Having good boundaries around our giving and doing for others is a persistent challenge for many of us (see my book Unhealthy Helping: A Psychological Guide to Overcoming Codependency, Enabling, and Other Dysfunctional Giving). This challenge is kicked up during the holidays. After all, the holidays are supposed to be about giving and spending time with family and friends so there are high expectations for our selflessness and generosity, some placed on us by others, but many placed on ourselves. Trying to meet those expectations can challenge our emotional, physical, and financial resources.
Holiday boundary setting is one solution but admittedly, it’s complicated. When our holiday role is to make the season “merry and bright” for everyone else, setting boundaries comes with the fear of disappointing others and “ruining” their holiday.
Holiday boundary setting is further complicated when we fear it will create relational conflict (e.g., our parent will be upset if we don’t show up for cherished holiday rituals). When we can’t stand the thought of someone being mad or disappointed in us, or thinking we’re selfish, we can let that interfere with setting needed holiday boundaries.
Perfectionism is also the enemy of health holiday boundary setting. People that want to do everything they feel the holidays demand, and that want everything to be “just so,” are in danger of exceeding their physical, emotional, and financial resources.
So where does this leave the giving person at the holidays? Here are five things you can do to set healthy holiday boundaries.
1. Take an inventory of all you feel you must do and start pruning. Ask yourself: “Realistically, what boundaries can I set that won’t ruin the holiday and will keep me from exhaustion and/or resentment? What can I leave out, delegate, or pay someone else to do?” Critically examine the "shoulding" and "musting" (e.g.,"I must…" "I should…") that leads to feeling overwhelmed. Chances are that a little critical examination will help you recognize these aren’t the absolutes you’ve been thinking.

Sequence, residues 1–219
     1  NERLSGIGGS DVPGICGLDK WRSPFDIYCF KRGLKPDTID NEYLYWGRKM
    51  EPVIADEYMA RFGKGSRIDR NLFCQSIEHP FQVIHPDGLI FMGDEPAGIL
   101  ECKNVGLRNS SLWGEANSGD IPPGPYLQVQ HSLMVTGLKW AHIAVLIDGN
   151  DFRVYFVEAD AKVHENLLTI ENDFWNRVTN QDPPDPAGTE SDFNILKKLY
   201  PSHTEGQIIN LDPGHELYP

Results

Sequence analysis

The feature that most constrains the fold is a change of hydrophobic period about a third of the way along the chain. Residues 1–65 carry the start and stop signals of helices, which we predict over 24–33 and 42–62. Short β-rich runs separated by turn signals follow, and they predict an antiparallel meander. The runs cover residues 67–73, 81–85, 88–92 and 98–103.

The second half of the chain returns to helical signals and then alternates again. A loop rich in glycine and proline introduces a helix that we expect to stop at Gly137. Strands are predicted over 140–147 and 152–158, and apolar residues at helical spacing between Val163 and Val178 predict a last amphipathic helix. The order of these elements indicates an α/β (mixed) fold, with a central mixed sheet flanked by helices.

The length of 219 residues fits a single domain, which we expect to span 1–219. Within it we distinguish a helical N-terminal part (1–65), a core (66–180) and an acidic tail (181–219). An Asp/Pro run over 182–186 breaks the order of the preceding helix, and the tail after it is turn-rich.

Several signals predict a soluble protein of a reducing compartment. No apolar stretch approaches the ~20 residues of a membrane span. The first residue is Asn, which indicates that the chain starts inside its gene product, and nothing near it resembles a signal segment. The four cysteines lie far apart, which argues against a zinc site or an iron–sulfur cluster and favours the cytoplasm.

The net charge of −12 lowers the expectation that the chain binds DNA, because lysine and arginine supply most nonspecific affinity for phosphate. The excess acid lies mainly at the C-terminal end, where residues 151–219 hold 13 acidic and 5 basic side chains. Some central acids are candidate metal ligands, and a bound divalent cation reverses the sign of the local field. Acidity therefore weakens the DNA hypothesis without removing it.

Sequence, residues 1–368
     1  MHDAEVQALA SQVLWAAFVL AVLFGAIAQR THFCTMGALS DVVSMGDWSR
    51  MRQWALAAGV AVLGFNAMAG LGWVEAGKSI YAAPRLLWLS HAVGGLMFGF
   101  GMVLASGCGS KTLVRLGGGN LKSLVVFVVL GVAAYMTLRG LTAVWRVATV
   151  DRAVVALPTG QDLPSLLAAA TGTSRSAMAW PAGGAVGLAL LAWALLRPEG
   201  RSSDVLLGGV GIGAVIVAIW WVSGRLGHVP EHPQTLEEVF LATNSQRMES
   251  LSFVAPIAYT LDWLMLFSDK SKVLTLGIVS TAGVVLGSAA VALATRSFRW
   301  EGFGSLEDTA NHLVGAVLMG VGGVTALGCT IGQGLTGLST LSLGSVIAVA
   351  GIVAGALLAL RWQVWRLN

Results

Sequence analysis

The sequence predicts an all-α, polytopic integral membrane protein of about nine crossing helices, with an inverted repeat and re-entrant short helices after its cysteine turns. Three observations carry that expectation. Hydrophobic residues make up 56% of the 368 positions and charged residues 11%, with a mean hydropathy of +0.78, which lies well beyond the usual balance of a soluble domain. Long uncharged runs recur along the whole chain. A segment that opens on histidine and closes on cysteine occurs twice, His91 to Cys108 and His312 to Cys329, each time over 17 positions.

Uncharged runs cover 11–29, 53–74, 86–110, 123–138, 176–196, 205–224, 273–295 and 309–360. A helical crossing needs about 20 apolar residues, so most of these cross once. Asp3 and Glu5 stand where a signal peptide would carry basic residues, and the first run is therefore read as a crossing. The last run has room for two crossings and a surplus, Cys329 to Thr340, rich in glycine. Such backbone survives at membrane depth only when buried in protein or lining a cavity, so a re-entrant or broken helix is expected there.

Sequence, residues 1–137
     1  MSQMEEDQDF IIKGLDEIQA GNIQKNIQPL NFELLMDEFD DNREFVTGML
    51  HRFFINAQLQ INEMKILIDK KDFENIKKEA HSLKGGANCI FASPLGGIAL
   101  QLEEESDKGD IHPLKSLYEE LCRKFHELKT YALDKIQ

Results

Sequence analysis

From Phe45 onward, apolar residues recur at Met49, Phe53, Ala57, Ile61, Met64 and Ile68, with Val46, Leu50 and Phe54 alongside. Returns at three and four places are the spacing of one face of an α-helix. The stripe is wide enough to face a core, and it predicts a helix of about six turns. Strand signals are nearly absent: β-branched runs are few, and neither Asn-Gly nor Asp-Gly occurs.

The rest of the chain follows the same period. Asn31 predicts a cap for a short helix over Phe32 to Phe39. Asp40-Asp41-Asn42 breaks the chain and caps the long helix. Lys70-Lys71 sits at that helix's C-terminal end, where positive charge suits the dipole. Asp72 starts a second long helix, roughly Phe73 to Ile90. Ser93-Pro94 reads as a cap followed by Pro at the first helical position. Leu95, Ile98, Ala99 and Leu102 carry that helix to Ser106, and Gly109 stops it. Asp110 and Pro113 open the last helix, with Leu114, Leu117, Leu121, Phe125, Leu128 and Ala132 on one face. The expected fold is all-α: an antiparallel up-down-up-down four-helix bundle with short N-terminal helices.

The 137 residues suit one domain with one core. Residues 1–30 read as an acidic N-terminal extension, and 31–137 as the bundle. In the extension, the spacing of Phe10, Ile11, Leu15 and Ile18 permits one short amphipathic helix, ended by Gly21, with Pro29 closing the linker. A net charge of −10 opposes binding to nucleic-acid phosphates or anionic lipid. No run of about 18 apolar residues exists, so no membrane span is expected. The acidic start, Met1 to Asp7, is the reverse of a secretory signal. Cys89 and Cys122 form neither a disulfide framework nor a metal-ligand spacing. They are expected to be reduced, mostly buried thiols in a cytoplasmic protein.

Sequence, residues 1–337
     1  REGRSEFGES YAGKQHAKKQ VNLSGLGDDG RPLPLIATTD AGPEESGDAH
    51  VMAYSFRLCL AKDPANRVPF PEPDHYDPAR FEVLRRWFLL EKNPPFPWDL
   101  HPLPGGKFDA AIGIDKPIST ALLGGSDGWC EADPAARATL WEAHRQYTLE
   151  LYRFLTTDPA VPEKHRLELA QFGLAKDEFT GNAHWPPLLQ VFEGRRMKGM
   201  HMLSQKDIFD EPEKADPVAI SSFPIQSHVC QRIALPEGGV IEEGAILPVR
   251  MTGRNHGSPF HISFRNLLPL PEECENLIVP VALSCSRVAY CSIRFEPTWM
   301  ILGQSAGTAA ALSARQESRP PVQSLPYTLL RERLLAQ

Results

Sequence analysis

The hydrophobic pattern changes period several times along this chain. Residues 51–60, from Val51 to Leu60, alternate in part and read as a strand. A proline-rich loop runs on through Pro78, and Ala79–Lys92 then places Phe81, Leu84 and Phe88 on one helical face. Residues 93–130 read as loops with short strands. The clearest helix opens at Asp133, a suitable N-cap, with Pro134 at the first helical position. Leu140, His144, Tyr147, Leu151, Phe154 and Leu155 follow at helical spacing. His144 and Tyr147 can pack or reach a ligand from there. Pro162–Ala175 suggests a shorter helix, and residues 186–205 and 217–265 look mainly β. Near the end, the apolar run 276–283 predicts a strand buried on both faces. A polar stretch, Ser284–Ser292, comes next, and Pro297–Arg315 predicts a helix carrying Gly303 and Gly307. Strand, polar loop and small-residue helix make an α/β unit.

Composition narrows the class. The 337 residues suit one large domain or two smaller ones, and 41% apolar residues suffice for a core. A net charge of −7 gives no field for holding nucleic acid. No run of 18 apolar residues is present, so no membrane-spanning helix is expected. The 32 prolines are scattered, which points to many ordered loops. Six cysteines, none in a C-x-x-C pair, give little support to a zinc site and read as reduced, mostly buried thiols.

2. Counter your perfectionism and lower your standards. As a recovering holiday perfectionist, I have to remind myself regularly that “good enough” is good enough for a lovely holiday! Most people won’t even notice or care if you kick it down a notch, and if they do, they’re usually supportive of our taking better care of ourselves if we explain in a simple and direct non-blaming way.
3. If you worry about people getting mad at you or judging you, remind yourself that most people will accept your holiday boundaries (if they even notice that you’ve cut back). If they get persnickety, they will get over it, usually pretty quickly. Remind yourself: “Their anger/judgment/disappontment is unfortunate and I wish it weren’t so, but I can handle it, and they’ll get over it. I need this boundary because [insert reasons here].”
4. If you feel guilty, counter your guilt with affirmations like these ones:
“It’s ridiculous to insist to myself that cutting back or lowering my standards will ruin the holidays.”
“I know they may be disappointed if I don’t [fill in the blank], but it’s better than overextending myself, feeling resentful, or being irritable, and if I explain, they’ll probably understand.”
“I know that I’ve always done X, Y, and Z, but things change, and we can have new traditions.”
“My resentment makes me irritable and the holidays unpleasant. These boundaries are needed for everybody’s sake.”
“It’s good for others to take up the holiday slack. It doesn’t have to be entirely up to me to make the holidays merry and bright for everyone else.”
5. Strengthen your boundaries by reminding yourself of the costs of doing too much. “What are the emotional, physical, and relationship costs of trying to live up to my/others’ holiday expectations? Are these costs really necessary? Are they really worth it?
For more on holiday boundaries see: